Home Contributed Michigan Department of Education Gives $300,000 Grant to Improve Welding Programs

Michigan Department of Education Gives $300,000 Grant to Improve Welding Programs


The Michigan Department of Education gave out a $300,000 Career and Technical Education (CTE) Innovation and Equipment Grant to purchase virtual welding equipment. This equipment will allow all welding students to virtually experience welding scenarios.

This grant was one of 14 awards, totaling $5 million, that were given to local and intermediate school districts. This money is to be used to purchase specialized equipment that will allow for schools to expand their manufacturing programs. The MDE grant will provide equipment to the Kent Career Tech Center and will be available for use during summer programs.

“As a recipient of these grant funds, Kent ISD will be able to provide safe and cutting-edge welding technology to our current students in a variety of programs,” explained Campus Principal John Kraus. “These tools will allow students to practice to proficiency before actually cutting and attaching actual metal. This is safer, greener, and consumes considerable less material.”

Despite the fact that over 50% of products that are made in the United States require some level of welding, the job market is seeing a shortage of people who possess these skills. Expanding welding programs in Michigan is a result of the growing demand for these skills.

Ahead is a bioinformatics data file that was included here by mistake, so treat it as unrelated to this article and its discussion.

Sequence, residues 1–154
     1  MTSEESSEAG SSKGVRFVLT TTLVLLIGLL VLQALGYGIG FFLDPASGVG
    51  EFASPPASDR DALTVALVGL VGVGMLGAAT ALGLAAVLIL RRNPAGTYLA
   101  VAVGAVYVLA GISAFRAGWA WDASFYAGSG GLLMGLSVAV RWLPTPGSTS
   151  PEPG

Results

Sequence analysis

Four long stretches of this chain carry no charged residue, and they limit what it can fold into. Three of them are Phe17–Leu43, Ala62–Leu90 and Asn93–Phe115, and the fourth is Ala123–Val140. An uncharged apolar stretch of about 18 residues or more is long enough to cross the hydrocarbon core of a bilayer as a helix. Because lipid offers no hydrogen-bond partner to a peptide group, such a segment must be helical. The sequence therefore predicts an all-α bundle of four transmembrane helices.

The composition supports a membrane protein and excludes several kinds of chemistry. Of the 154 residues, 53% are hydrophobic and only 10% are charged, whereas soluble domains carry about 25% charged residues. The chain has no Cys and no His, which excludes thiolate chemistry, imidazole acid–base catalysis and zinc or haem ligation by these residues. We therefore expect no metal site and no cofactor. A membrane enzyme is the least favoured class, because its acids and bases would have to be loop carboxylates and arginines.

Michigan school districts are beginning to recruit people from the private sector into career-tech classrooms at public schools. These efforts are to combat the shortage of teachers, which has often led to districts having to cancel these courses in schools. The state even allows people with relevant business or industry experience to serve as teachers in these programs.

Kent ISD officials hope that adding these virtual machines to the Tech Center will increase interest in these types of skilled trades. Over the past few years, Kent ISD has invested in equipment for welding, like welding booths, tables, and an oxy/acetylene cutting area. With the new computer-based training systems, the center will allow for students to practice techniques without wasting materials and without undergoing extensive safety training before they begin actual welding.

In collaboration with Grand Rapids Community College, Kent ISD will be able to create an easier path for students to navigate the transition from high school to college, as well as into the workforce.

Kraus hopes the partnership with GRCC will allow the center to “see new opportunities for Tech Center students to earn college credit in welding technologies before finishing high school.”